Protesters have been blocking the Bentley site for weeks. Photo: Dean Sewell
Resources company Metgasco's plans to drill for gas at Bentley on the NSW north coast are in disarray after state energy minister Anthony Roberts referred the project to the Independent Commission Against Corruption and announced its licence would be suspended due to insufficient community consultation.
Mr Roberts announced the decision on Thursday morning, just days before police were due to be called in to break up a long-standing protest on the site at Bentley, near Lismore.
Up to 800 police were due to enter the protest camp as early as Monday to disperse thousands of people who have been blockading the site for several weeks.
Protesters have been blocking the site for weeks. Photo: Dean Sewell
Mr Roberts said the Office of Coal Seam Gas (OCSG) had told Metgasco the licence would be suspended because the company "did not fulfil a condition of its exploration licence, namely to undertake genuine and effective consultation with the community as required."
“OCSG is conducting an ongoing audit of all Petroleum Exploration Licences across NSW and is focused on ensuring company compliance with title conditions,” Mr Roberts said.
“I have been advised by OCSG that fundamental concerns have been expressed by members of the affected community about the way in which Metgasco has characterised its activities."
He said he has written to the ICAC Commissioner "following receipt of information concerning shareholdings and interests in Metgasco Limited."
“In accordance with Section 11 of the Independent Commission Against Corruption Act, I have referred this to the Commissioner to ensure that any decisions pertaining to PEL 16 have been made entirely properly and without any undue interest or influence.”
Metgasco has drilled about 50 exploration wells, mostly in coal seam gas deposits about 800 metres below the surface. The suspension, however, applies to a so-called unconventional gas well to tap reserves trapped in sandstone about 2.3 kms below the surface.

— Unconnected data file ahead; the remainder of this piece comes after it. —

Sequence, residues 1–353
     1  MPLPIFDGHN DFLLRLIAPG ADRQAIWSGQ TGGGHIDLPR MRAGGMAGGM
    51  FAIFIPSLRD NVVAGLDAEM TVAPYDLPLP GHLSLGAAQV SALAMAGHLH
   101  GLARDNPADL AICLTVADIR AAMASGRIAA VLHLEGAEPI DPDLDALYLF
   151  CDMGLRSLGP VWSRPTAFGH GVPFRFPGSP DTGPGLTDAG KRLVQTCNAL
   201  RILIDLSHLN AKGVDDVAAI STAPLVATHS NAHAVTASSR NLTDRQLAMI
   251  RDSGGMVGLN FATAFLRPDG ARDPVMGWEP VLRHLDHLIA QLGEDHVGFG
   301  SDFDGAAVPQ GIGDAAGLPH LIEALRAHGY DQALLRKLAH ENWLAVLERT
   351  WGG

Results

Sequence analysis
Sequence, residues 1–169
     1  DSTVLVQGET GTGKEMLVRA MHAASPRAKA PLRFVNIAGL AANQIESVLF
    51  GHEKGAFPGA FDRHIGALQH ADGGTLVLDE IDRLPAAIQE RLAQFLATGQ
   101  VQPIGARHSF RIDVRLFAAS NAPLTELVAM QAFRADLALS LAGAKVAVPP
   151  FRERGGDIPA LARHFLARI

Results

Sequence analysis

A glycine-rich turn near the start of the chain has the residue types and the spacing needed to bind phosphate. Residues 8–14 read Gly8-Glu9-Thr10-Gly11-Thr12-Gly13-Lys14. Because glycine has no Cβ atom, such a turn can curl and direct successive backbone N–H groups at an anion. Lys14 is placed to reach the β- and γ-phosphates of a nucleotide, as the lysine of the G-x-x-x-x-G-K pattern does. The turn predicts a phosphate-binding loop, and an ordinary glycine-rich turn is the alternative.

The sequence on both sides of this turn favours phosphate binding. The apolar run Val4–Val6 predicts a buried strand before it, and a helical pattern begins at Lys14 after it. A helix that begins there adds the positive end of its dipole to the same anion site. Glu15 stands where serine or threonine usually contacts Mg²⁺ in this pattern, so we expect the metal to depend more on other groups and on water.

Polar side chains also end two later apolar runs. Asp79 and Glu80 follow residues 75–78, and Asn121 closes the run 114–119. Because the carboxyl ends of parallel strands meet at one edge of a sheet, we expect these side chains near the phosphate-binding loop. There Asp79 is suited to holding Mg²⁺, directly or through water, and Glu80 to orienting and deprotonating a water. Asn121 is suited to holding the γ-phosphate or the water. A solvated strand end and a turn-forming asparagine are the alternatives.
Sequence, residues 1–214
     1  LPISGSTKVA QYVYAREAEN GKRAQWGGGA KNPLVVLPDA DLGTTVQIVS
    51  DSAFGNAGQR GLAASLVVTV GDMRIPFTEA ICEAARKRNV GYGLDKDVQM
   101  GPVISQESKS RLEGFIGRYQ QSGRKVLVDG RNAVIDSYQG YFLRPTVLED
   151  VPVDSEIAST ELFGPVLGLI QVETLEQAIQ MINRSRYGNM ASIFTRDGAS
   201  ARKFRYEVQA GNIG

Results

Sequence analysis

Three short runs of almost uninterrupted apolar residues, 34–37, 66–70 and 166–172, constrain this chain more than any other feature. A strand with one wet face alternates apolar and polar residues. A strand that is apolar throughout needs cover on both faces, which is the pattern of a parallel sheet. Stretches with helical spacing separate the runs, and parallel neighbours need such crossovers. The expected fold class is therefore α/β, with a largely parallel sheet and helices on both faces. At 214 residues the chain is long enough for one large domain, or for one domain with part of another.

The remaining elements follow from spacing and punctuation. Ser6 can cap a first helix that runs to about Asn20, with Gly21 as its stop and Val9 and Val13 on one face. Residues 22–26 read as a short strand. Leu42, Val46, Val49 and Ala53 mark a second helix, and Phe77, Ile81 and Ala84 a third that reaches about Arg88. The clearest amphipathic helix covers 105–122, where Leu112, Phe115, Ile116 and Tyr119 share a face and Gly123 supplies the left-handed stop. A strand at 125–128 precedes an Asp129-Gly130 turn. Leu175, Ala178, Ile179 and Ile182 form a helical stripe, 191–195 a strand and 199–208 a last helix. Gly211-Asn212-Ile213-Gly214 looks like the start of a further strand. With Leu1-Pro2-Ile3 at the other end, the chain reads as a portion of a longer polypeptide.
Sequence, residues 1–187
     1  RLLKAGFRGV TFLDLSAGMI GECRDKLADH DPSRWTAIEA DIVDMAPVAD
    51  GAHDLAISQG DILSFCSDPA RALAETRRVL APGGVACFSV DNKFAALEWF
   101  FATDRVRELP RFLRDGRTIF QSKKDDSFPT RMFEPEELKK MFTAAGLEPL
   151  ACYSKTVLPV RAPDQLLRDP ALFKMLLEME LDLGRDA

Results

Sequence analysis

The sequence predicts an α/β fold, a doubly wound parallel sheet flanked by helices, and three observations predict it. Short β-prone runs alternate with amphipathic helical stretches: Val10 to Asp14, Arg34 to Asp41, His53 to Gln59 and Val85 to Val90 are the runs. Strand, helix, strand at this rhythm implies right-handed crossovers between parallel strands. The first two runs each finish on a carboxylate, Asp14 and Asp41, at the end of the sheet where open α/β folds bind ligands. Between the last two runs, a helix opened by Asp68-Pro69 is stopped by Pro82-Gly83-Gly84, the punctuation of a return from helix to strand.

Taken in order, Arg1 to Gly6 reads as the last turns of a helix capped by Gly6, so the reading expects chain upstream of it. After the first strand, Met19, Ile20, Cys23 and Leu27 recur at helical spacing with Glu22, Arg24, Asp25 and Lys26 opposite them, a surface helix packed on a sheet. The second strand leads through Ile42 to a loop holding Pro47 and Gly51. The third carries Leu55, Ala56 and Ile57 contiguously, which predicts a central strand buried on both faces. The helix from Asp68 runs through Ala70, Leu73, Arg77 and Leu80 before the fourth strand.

The community's protest against Metgasco also extends to its CSG drilling, including the company's proposed plans for wells at Doubtful Creek near Kyogle.
The suspension of the Rosella E-01 exploration well "comes at a very critical time", with the company in the process of "mobilising a drilling rig", Metgasco said in a statement to the stock exchange on Thursday.
The company's shares will be suspended from trading for at least 48 hours "pending the opportunity to meet and discuss the matter with government", Metgasco said.
Metgasco said it is "confident" the company can to demonstrate it has complied with its exploration licence conditions regarding community consultation.
"I'm overjoyed and impressed," said Rob Watson, a retired hydrographer from Myocum near Mullumbimby who has attended the protest site with his wife and had been planning to visit again on Saturday.
The intervention by the government headed off an expected confrontation. "I was really worried about what might happen out there," Mr Watson said. The move "has released a lot of anxiety in the area. Everyone is pleased."
Jennifer Grey, Mr Watson's partner who also joined the protest, said the community was particularly opposed to Metgasco's plans to drill near Bentley for so-called unconventional gas in tight sands.